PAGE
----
In college I moved to Poughkeepsie, New York, and within a short time I was initiated into the cult of leaf-praising, harvest-loving, pumpkin latte-drinking and apple-picking worshippers of fall. The Hudson Valley came alive during the autumn months, and I was intoxicated by the bucolic rolling hills, small-town festivals and flavors that marked the season.

It’s because of four years spent roaming the grounds of the Vanderbilt Mansion and strolling the streets of Rhinebeck that I became a fan of New York’s Hudson Valley for life. In that time I learned important distinctions of the area — most notably, do not confuse Dutchess County for “upstate” … it’s not the same thing!

Vote: Do You Enjoy Revisiting Familiar Places?

Every October, like clockwork, some inner leaves rustle and I’m drawn back to the familiar world of my old stomping grounds. What some people remember most about their time away at college is the parties or the sorority pals. But for me, that period of my life offered a lifelong gift: the opportunity to know a place and to revisit it with new eyes every time the autumn wind blows and the Valley comes calling.

Where’s your home-away hideaway? Is there a place that you visit continually and couldn’t imagine never seeing again? Post yours in the comments.

– written by Brittany Chrusciel

yes or no Here at IndependentTraveler.com, we see a lot of news items about things tourists have done when traveling. Most of the time, the stories are inspirational and uplifting. But sometimes, we just have to throw our hands up in the air and ask: What was that person thinking?!

For all those travelers who seem to have left their common sense at home, we’ve put together three important rules you should never break when traveling.

1. Don’t High-Five the Statues: Here’s the headline: “American Tourist Snaps Finger Off 600-Year-Old Statue in Florence Museum.” Now to be fair, the tourist involved here didn’t actually high-five the statue. He put his hand up against the statue’s to compare sizes. But we think the rule still applies. When encountering art that’s 10 times older than you, it’s probably better to stick to a hands-off approach. Incidentally, when IndependentTraveler.com Senior Editor Sarah Schlichter first shared this story with the office, a colleague asked, “Where were the parents?” Seems fair to assume that the tourist involved was a child, right? Nope. He’s 55.

4 Tourists We Don’t Want to Travel With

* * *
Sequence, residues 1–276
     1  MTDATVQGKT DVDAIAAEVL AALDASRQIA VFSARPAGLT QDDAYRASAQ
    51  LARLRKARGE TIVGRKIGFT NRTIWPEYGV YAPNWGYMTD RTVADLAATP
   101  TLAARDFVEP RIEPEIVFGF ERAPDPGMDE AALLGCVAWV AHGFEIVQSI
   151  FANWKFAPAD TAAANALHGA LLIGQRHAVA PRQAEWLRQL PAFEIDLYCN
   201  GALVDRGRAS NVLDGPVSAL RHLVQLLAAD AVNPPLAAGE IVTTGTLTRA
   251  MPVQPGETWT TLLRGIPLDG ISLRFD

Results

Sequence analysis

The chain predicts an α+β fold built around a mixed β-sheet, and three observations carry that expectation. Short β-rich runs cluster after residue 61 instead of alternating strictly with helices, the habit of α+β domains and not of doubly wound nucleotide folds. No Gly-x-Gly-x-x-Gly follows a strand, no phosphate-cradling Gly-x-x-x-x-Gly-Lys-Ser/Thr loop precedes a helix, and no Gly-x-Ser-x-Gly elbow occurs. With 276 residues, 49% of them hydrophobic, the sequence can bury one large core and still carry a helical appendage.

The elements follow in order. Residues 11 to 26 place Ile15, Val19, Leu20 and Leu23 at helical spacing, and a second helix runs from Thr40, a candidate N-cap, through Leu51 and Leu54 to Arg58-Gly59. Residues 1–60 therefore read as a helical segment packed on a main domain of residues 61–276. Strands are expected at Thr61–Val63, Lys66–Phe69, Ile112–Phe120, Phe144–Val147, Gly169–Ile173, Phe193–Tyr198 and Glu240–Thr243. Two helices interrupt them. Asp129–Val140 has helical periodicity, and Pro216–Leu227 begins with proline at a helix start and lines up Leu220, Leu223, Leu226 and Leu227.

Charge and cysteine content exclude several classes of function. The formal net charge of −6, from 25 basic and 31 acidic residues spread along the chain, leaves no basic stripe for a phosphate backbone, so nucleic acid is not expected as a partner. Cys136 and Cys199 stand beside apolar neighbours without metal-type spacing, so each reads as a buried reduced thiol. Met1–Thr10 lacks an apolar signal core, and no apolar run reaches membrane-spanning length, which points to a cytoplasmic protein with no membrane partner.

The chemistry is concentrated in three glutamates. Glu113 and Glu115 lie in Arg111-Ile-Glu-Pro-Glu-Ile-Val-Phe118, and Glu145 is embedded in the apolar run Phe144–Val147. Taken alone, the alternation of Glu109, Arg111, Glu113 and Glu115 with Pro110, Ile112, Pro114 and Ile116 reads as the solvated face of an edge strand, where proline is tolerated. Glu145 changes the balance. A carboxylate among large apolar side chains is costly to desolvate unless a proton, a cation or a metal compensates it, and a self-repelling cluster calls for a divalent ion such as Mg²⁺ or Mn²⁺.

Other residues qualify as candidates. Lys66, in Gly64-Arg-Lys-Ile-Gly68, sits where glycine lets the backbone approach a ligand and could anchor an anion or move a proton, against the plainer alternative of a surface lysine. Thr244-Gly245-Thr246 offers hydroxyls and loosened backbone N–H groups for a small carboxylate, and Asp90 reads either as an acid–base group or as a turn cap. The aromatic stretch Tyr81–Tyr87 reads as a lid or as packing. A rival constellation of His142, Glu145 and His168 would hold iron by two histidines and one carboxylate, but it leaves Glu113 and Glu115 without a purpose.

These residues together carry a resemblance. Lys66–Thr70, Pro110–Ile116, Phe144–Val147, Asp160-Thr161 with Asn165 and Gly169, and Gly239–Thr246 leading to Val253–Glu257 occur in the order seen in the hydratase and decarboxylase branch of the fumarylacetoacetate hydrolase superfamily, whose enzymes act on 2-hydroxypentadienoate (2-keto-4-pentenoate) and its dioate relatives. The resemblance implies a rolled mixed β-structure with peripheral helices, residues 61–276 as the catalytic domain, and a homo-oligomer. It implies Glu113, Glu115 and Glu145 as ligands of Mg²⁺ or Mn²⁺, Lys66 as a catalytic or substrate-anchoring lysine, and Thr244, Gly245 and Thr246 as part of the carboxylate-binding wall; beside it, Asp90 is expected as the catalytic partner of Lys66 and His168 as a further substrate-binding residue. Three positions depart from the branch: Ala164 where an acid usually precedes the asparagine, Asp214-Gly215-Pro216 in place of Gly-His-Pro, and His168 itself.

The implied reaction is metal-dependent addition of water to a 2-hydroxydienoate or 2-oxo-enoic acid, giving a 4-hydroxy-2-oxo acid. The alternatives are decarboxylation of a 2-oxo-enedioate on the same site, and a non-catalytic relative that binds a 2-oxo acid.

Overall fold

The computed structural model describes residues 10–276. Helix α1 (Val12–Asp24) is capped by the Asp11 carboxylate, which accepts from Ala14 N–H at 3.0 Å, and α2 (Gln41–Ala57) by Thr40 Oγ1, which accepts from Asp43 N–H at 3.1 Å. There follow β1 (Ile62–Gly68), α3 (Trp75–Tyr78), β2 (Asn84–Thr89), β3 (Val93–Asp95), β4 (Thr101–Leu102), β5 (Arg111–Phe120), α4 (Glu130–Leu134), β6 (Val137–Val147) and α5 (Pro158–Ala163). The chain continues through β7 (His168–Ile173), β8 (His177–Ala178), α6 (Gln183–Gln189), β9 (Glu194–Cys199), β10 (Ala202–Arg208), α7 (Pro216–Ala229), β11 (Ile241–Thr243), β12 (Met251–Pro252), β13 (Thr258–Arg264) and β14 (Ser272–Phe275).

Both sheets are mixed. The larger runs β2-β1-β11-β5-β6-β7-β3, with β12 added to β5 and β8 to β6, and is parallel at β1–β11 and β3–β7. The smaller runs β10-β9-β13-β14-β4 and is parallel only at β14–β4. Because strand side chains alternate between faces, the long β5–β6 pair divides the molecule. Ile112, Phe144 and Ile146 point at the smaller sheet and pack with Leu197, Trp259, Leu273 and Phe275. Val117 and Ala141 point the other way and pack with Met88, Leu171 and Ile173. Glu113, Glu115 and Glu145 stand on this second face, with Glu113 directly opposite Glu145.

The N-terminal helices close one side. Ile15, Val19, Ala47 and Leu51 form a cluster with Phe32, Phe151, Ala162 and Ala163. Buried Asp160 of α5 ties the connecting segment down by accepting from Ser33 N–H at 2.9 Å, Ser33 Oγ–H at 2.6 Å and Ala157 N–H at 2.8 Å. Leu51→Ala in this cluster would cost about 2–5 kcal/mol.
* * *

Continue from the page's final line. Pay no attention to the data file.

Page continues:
2. Don’t Make “I’m Going to Destroy” Jokes: By now most of us realize that cracking bomb jokes in public is not a good idea. But apparently not everyone has figured out that what you say in cyberspace is, indeed, public. So when a British tourist on the way to the United States tweeted “Free this week for quick gossip/prep before I go and destroy America?” he apparently thought only his friends were going to see it. He was wrong. He also mistakenly assumed anyone who did see it would know that “destroy” was British slang for party it up. Instead of the fun Hollywood vacation he’d planned, he and a friend were arrested at LAX and jailed for 12 hours before being sent back to England.

3. Don’t Mess With the Animals: Forget about the tourists who think it’s a good idea to jump into a zoo cage or charge an elephant, though we highly advise against those moves as well. No, what we’re talking about are people who think it’s a good idea to walk off with a zoo animal. Like these boneheads who, after drinking way too much, broke into a SeaWorld in Australia and woke up the next morning with one of the park’s penguins in their apartment. They were caught when they tried to release the bird into a local canal. Now that we think about it, there’s probably more than one lesson in this tale … like being careful how much you have to drink in the first place and staying away from closed tourist attractions.

Traveling in a Developing Country: 11 Dos and Don’ts

–written by Dori Saltzman

Suffering from the Monday doldrums? For everyone out there facing the beginning of another work week, here’s a little jolt of wanderlust to brighten up your morning. Each Monday, we offer a photo of a spectacular place to spark ideas for your future travels.

This week’s shot was taken on a summer evening in Butchart Gardens, Victoria, Canada.

butchart gardens victoria british columbia


7 Picture-Perfect Airport Gardens